IF YOU’RE AN ARDENT ADMIRER of the potato pancake, well hello, friend. And if you’ve messed with various recipes and still never felt like you got them quite right, I’m with you on that, too. Enter Seattle’s newish Dacha Diner, serving very delicious “Eastern European & Jewish cuisine” inside that funny triangle-shaped building on Olive Way.

Dacha’s latkes are paragons of the form: lacy-golden-brown-crisped outside, almost melty-tender inside, just salty enough, served nice and hot. A side of them, for just $5, can make your day. But because Dacha Diner is a tiny friends-and-family operation, and because its owners also run Seattle’s also-great Independent Pizzeria, their hours are limited — check online before you go. I’d hate for you to be disappointed!

For the advanced/intrepid baker: Here’s how to make Dacha Diner’s “Borodinsky” Black Bread

Or you could always make your own. If you sense a generosity of spirit inside Dacha Diner — nice portions, good prices, just a feeling of heart-in-right-place — you are correct. Meet Tom Siegel — he, Joe Heffernan and Tora B. Hennessey are the friends-and-family founders of Dacha, and he agreed to share his recipe for latkes with us all. He also shared his thoughts about different kinds of potato pancakes. Warning: You will become hungry.

So many of my fondest memories were from holiday dinners at my Aunt Ellen’s in Rochester, New York. … Nobody threw a Jewish feast like Aunt Ellen. One delight that stood out were the latkes. They were golden and crispy on the outside, and soft, savory and oniony in the center. They were served with cold applesauce and sour cream, which was the perfect foil. Then, in the early ’90s, living as an expat in Prague, existing on $5 a day, bramborák were a staple. This 25-cent street treat consisted of finely ground potato, onion and marjoram, deep-fried and tossed into a paper bag. I consumed a mountain of these — they, too, hold a special place in my heart and reminded me of home. Then there’s the shredded hash brown cakes that I always order when I go to West Coast delicatessens. Those are more satisfying with catsup. However, latkes will always be my potato pancake of choice — mostly because of my memories tied to them, but also because I love the juxtaposition of all the textures and flavors of the trio of latkes, applesauce and sour cream.” — Tom Siegel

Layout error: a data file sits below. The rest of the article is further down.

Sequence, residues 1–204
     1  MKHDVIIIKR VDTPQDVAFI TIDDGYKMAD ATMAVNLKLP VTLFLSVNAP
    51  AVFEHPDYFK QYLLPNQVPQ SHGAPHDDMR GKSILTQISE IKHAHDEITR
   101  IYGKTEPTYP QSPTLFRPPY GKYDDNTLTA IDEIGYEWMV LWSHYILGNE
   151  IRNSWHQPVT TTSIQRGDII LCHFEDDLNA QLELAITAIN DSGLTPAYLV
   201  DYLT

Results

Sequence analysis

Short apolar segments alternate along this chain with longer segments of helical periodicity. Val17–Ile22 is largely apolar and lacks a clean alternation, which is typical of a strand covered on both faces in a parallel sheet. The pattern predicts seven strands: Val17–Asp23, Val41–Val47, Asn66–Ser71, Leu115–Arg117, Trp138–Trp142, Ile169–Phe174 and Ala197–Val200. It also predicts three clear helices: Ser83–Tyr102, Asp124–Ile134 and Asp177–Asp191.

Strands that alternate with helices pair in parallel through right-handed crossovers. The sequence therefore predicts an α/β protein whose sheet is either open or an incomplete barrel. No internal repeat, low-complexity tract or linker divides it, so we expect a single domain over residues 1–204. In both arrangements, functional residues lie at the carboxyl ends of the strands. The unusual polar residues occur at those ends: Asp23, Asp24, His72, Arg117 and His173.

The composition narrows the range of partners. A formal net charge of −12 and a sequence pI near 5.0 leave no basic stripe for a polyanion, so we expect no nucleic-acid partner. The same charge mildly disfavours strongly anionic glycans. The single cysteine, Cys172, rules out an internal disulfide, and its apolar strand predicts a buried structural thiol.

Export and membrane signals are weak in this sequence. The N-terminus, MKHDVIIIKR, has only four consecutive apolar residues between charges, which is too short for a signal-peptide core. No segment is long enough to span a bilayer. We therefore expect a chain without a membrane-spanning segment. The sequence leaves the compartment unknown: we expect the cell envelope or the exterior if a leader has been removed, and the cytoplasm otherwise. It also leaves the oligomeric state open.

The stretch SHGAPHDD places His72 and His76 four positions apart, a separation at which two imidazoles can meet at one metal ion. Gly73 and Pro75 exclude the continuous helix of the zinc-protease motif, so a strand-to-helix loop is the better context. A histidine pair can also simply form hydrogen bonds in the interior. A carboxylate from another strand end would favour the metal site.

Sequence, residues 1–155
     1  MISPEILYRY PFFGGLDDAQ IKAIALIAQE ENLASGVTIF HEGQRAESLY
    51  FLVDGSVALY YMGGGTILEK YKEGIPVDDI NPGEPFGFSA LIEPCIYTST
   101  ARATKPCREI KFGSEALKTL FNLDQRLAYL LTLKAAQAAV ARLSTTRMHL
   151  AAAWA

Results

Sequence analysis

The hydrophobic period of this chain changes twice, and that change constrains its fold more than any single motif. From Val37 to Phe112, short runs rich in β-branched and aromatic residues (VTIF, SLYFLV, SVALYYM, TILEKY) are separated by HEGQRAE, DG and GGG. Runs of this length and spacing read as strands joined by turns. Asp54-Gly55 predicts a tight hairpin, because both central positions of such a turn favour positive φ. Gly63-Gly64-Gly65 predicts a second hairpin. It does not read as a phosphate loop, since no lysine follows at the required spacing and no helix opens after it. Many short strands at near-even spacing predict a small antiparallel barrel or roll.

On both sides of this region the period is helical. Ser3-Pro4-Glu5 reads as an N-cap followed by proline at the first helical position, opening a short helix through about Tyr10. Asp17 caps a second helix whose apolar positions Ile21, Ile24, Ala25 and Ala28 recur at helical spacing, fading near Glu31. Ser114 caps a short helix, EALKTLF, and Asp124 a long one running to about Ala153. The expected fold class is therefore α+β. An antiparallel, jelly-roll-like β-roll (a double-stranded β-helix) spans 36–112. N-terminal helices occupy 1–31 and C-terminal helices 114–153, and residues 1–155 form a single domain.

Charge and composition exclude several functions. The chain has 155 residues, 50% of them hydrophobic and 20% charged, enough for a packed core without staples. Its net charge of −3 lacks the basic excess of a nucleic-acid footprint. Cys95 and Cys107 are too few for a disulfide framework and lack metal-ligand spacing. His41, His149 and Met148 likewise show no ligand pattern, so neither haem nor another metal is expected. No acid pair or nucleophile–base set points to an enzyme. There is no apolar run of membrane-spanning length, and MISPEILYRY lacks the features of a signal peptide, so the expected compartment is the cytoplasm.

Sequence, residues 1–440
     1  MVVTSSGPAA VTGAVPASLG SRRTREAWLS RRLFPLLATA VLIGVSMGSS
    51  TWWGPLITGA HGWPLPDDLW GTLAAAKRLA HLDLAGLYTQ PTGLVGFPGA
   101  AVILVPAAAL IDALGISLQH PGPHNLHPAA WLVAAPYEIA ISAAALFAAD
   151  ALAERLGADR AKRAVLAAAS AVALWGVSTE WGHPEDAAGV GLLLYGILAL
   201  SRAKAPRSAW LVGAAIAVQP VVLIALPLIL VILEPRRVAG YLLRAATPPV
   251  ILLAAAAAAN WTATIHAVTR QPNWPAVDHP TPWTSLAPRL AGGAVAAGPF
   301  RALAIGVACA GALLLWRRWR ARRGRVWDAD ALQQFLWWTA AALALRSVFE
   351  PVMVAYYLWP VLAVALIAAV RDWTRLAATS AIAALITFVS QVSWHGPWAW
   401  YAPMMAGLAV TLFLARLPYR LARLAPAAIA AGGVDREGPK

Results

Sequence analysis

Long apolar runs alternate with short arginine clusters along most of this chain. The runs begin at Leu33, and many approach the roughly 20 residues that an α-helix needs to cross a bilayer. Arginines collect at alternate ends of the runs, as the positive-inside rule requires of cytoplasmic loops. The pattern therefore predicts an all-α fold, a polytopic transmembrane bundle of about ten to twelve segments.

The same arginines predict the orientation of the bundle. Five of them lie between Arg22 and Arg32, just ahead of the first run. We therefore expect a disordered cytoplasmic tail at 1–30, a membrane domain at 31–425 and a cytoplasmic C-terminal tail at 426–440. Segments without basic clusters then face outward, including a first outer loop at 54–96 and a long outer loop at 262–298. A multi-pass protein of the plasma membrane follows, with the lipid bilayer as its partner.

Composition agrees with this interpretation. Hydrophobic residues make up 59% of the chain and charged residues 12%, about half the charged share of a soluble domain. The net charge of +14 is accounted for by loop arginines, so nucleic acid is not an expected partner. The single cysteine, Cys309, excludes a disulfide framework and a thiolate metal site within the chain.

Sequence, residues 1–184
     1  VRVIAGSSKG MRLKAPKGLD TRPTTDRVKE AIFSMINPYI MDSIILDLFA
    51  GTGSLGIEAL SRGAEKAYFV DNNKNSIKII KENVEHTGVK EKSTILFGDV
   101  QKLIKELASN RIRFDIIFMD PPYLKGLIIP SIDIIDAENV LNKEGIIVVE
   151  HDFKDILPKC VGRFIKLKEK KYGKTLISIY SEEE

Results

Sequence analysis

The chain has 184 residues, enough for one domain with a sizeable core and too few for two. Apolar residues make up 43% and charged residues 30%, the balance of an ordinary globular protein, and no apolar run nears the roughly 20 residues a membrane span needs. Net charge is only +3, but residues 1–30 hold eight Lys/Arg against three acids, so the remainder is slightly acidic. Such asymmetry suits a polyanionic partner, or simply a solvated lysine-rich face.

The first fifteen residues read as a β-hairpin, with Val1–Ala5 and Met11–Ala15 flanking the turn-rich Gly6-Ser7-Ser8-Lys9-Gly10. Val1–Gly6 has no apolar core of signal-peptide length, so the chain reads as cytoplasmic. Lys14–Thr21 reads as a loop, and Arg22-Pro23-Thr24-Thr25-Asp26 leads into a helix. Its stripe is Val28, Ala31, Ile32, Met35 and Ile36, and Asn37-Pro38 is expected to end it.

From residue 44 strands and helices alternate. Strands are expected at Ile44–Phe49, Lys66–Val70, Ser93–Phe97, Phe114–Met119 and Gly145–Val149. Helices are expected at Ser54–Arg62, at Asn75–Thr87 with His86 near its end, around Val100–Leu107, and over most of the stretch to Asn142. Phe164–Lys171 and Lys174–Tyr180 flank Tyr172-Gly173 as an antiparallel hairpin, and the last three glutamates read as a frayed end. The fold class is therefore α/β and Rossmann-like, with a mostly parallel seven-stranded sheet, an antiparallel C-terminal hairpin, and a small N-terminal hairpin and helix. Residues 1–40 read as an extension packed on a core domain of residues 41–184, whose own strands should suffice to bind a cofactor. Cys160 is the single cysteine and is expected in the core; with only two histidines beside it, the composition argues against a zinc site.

Dacha Diner Latkes

Makes about 8 latkes

½ small onion

2 tablespoons vegetable oil

1 egg (beaten)

2 large russet potatoes (peeled and soaked in cold, salty water)

¼ cup matzo meal

¼ teaspoon ground pepper

Salt to taste

Peanut oil (or another frying oil)

1. Grate onion, then pulse in a food processor until it reaches the consistency of a coarse pulp. Do not puree.

2. Mix oil and onion into beaten egg.

3. Grate potatoes, then pulse them in a food processor until they reach the consistency of a coarse pulp. Do not puree.


4. Add potatoes to egg mixture, and mix.

5. Add matzo meal, pepper and salt to potato and egg mixture, and stir well.

6. Heat 1/8 inch of peanut oil (or any frying oil) in a large skillet over medium heat. Please be careful — we love you.

7. Using a large tablespoon, lay batter in frying oil. Latkes should be about 4 inches in diameter and 1/3-inch thick. Fry 3 minutes on each side or until golden brown. Briefly set on butcher paper or hearty paper towels to drain excess oil.

8. Serve with sour cream and applesauce.